Skip to Main Content

Kimberly Raines-Isler, Ph.D.

 

Pharmaceutical Science, UMB 2006

Area of Doctoral Study: Pharmaceutical Science
Undergraduate Institute: Duke University
Research Advisor: Dr. Gerald Rosen, UMB

Current Position: Senior Pharmacologist, Center for Drug Evaluation and Research, Food and Drug Administration

Description of Research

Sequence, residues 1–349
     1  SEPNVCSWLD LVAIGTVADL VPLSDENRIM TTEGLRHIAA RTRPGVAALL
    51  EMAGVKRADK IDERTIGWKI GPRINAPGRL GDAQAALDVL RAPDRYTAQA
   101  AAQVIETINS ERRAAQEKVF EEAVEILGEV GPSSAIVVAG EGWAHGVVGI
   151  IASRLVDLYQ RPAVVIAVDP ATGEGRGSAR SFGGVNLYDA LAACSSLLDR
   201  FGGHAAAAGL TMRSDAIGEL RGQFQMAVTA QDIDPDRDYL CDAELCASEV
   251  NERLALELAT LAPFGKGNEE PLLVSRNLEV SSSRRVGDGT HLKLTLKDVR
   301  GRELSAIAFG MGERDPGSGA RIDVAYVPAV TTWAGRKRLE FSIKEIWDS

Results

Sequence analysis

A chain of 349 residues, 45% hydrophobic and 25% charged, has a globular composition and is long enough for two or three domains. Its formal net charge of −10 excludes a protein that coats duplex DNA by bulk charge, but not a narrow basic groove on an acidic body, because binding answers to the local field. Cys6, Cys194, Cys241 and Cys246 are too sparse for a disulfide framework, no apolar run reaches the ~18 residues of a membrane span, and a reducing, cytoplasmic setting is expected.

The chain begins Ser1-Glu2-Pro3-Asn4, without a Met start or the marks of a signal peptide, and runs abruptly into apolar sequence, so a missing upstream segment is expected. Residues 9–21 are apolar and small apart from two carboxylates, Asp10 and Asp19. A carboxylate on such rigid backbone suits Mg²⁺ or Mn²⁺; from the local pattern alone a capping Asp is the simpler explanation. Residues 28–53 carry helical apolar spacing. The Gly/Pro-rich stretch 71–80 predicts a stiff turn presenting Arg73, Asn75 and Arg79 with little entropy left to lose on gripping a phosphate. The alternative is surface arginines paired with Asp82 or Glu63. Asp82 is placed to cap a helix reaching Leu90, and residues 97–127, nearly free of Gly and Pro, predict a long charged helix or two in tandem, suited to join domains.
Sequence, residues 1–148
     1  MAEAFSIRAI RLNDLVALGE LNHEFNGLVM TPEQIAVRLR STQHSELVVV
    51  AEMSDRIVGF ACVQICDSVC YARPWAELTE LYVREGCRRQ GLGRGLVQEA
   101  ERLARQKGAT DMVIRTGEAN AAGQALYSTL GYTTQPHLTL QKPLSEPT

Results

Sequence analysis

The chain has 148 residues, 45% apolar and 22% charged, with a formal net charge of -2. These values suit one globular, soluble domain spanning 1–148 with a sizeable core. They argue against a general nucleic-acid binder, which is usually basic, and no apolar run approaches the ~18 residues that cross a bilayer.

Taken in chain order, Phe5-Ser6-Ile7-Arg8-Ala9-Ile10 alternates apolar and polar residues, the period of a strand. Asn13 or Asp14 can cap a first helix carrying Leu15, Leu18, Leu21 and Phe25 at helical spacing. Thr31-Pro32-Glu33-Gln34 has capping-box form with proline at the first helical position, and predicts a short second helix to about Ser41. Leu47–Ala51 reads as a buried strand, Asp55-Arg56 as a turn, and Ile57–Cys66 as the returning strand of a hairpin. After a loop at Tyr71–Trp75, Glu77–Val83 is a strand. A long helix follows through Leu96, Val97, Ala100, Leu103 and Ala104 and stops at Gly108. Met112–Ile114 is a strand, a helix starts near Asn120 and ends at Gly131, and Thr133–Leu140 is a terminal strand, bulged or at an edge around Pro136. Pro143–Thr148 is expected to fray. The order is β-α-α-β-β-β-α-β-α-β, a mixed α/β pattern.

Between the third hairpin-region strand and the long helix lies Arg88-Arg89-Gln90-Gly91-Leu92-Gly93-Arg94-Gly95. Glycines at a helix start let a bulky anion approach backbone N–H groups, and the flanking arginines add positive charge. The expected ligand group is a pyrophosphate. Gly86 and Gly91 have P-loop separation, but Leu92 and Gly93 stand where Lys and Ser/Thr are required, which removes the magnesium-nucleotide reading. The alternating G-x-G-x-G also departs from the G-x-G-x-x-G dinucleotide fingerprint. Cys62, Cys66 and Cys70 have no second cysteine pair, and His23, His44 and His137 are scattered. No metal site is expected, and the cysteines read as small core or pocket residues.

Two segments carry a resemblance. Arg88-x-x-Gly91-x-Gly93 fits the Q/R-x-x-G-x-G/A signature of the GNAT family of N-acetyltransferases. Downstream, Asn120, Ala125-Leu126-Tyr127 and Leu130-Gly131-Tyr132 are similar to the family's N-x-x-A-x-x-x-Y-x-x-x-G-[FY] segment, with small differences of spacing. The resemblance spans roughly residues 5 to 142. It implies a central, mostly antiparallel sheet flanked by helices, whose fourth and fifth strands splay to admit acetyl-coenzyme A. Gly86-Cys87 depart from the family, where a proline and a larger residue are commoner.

My research area focuses on the signal transduction pathway initiated by a family of enzymes, nitric oxide synthase (NOS). NOS is a heme-containing enzyme that catalyzes the oxidation of L-arginine to nitric oxide (NOo) and L-citrulline via the intermediate Nw-hydroxyl-L-arginine. There are three distinct isoforms of this enzyme that are regulated by distinct genes: a constitutive neuronal NOS (nNOS or NOS I) and a constitutive endothelial NOS (eNOS) and an endotoxin- or cytokine-inducible NOS (iNOSor NOS II). NOS also has the unique ability to produce another free radical, superoxide (O2o-), in the absence of its substrate, L-arginine. NOS is involved in a diverse array of cellular functions. In the case of iNOS, a high level of NOo for prolonged periods of time is consistent with its role in host defense. In contrast, the production of NOo by eNOS and nNOS is at a much lower level and is believed to be a transient cell signaling agent. For example, NOS production of NOo activates soluble guanylate cyclase (sGC) and cyclic guanosine monophosphate (cGMP), which are important messenger molecules that mediate a wide variety of physiological functions. These functions include, for instance, the regulation of vascular tone, platelet aggregation, inflammation, neurotransmission, learning and memory, penile erection, gastric emptying, and hormone release. Although many roles of NO· have been established, the mechanism of cell activation has not yet been characterized. My research, will examined regulation of the various cell signaling pathways, including the mitogen activated protein (MAP) kinase pathway, by NOS under conditions where this enzyme generates either NO· or O2o-, with the goal of understanding NO· signal transduction pathways.